Doctor of Philosophy, McGill University (2017)
Bachelor of Science, University of California Los Angeles (2007)
Off to a good start: Early Spanish-language processing efficiency supports Spanish- and English-language outcomes at 4 years in sequential bilinguals.
Many Latino children in the U.S. speak primarily Spanish at home with few opportunities for exposure to English before entering school. For monolingual children, the strongest early predictor of later school success is oral language skill developed before kindergarten. Less is known about how early oral language skills support later learning in sequential bilingual children. A question with wide-reaching significance is whether skill in a child's first language (L1) supports later learning in a second language (L2). In this longitudinal study of sequential Spanish-English bilinguals, we assessed oral language skills in Spanish at 2 years through parent reports of vocabulary size and children's real-time language processing efficiency (Accuracy, RT) in the "looking-while-listening" (LWL) task. At 4 years, we assessed language outcomes in both Spanish and English using standardized tests. Reported relative exposure to each language was significantly correlated with language outcomes in Spanish and English. Within-language relations were observed between Spanish vocabulary size and processing efficiency at 2 years and later Spanish-language outcomes. Critically, across-language relations were also observed: Children with stronger Spanish-language processing efficiency at 2 years had stronger English-language skills at 4 years, controlling for SES and exposure to English. Children's early language processing efficiency in Spanish is associated with stronger real-time information processing skills that support maintenance of Spanish and learning in English when these children enter school. These results support the recommendation that primarily Spanish-speaking families should engage in activities that promote children's Spanish-language skills while also seeking opportunities for children to be exposed to English.
View details for DOI 10.1111/desc.12973
View details for PubMedID 32320106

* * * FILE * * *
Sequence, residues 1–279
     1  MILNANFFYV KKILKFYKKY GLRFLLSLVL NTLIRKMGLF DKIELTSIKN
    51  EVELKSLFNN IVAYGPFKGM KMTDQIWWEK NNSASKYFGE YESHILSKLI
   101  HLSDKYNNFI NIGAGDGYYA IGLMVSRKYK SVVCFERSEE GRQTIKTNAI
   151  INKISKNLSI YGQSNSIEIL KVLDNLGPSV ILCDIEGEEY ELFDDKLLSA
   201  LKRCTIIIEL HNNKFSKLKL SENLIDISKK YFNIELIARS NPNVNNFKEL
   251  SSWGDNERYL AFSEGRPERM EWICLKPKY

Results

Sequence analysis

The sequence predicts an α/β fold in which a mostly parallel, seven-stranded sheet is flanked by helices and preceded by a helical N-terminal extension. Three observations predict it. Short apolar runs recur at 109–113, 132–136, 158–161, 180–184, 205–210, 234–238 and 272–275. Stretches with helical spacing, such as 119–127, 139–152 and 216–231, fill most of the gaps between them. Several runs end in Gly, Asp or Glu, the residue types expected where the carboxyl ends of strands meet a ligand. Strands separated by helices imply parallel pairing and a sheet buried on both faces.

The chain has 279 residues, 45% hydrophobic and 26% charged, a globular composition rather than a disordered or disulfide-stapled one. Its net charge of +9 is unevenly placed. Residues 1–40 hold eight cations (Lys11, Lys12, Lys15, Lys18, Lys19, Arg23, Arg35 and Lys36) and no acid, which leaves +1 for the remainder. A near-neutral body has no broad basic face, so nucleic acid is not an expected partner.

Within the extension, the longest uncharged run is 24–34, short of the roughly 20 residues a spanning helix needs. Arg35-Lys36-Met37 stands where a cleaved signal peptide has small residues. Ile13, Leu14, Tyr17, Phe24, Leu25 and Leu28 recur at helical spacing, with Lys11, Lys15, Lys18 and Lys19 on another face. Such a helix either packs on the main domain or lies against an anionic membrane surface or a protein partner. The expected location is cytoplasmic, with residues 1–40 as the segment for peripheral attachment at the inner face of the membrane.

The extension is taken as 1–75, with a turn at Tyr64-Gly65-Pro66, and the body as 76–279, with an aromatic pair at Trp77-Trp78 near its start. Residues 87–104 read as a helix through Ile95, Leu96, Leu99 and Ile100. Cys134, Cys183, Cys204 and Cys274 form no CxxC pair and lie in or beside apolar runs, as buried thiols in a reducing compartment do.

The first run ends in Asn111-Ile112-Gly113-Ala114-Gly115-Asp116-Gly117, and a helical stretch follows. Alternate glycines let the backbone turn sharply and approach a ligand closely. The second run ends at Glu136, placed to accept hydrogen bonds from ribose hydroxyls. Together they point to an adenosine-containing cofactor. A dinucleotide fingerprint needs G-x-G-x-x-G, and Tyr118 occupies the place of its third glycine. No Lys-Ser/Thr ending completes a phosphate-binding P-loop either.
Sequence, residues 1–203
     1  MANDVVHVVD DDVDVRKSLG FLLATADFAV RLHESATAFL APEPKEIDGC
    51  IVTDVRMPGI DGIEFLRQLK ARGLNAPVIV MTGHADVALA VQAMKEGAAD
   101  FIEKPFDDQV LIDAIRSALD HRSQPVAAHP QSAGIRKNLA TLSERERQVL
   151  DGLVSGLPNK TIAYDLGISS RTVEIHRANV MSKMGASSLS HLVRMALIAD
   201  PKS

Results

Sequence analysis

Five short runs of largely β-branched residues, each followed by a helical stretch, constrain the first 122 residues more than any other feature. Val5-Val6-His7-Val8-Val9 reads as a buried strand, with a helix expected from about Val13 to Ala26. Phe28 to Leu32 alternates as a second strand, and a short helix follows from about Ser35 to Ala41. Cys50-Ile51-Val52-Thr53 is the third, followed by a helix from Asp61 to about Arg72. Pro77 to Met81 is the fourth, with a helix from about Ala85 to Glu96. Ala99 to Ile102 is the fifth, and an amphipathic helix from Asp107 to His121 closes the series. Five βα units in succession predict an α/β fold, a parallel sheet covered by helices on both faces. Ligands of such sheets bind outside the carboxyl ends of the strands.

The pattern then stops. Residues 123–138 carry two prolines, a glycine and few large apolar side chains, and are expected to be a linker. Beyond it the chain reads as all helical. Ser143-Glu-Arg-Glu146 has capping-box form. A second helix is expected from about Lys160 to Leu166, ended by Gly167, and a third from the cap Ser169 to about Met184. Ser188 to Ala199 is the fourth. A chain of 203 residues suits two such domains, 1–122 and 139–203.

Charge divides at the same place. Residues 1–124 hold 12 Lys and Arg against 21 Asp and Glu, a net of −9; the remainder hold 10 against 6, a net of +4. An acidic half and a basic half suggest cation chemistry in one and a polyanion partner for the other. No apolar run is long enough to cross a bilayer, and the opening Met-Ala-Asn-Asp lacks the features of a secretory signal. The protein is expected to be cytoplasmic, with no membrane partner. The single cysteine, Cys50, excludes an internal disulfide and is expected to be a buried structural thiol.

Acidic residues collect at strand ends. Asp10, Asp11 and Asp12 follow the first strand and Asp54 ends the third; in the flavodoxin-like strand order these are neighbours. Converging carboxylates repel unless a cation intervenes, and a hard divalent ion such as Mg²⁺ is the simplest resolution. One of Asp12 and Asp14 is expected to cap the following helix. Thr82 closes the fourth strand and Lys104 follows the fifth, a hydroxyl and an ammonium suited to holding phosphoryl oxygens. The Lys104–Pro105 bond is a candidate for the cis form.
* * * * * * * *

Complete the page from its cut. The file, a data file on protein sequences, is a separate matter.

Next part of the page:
Longform recordings of everyday life: Ethics for best practices.
Behavior research methods
Recent advances in large-scale data storage and processing offer unprecedented opportunities for behavioral scientists to collect and analyze naturalistic data, including from underrepresented groups. Audio data, particularly real-world audio recordings, are of particular interest to behavioral scientists because they provide high-fidelity access to subtle aspects of daily life and social interactions. However, these methodological advances pose novel risks to research participants and communities. In this article, we outline the benefits and challenges associated with collecting, analyzing, and sharing multi-hour audio recording data. Guided by the principles of autonomy, privacy, beneficence, and justice, we propose a set of ethical guidelines for the use of longform audio recordings in behavioral research. This article is also accompanied by an Open Science Framework Ethics Repository that includes informed consent resources such as frequent participant concerns and sample consent forms.
View details for DOI 10.3758/s13428-020-01365-9
View details for PubMedID 32103465
Language nutrition for language health in children with disorders: a scoping review.
The quantity and quality of child-directed speech-language nutrition-provided to typically-developing children is associated with language outcomes-language health. Limited information is available about child-directed speech to children at biological risk of language impairments. We conducted a scoping review on caregiver child-directed speech for children with three clinical conditions associated with language impairments-preterm birth, intellectual disability, and autism-addressing three questions: (1) How does child-directed speech to these children differ from speech to typically-developing children? (2) What are the associations between child-directed speech and child language outcomes? (3) How convincing are intervention studies that aim to improve child-directed speech and thereby facilitate children's language development? We identified 635 potential studies and reviewed 57 meeting study criteria. Child-directed speech to children with all conditions was comparable to speech to language-matched children; caregivers were more directive toward children with disorders. Most associations between child-directed speech and outcomes were positive. However, several interventions had minimal effects on child language. Trials with large samples, intensive interventions, and multiple data sources are needed to evaluate child-directed speech as a means to prevent language impairment. Clinicians should counsel caregivers to use high quality child-directed speech and responsive communication styles with children with these conditions.
View details for DOI 10.1038/s41390-019-0551-0
View details for PubMedID 31454828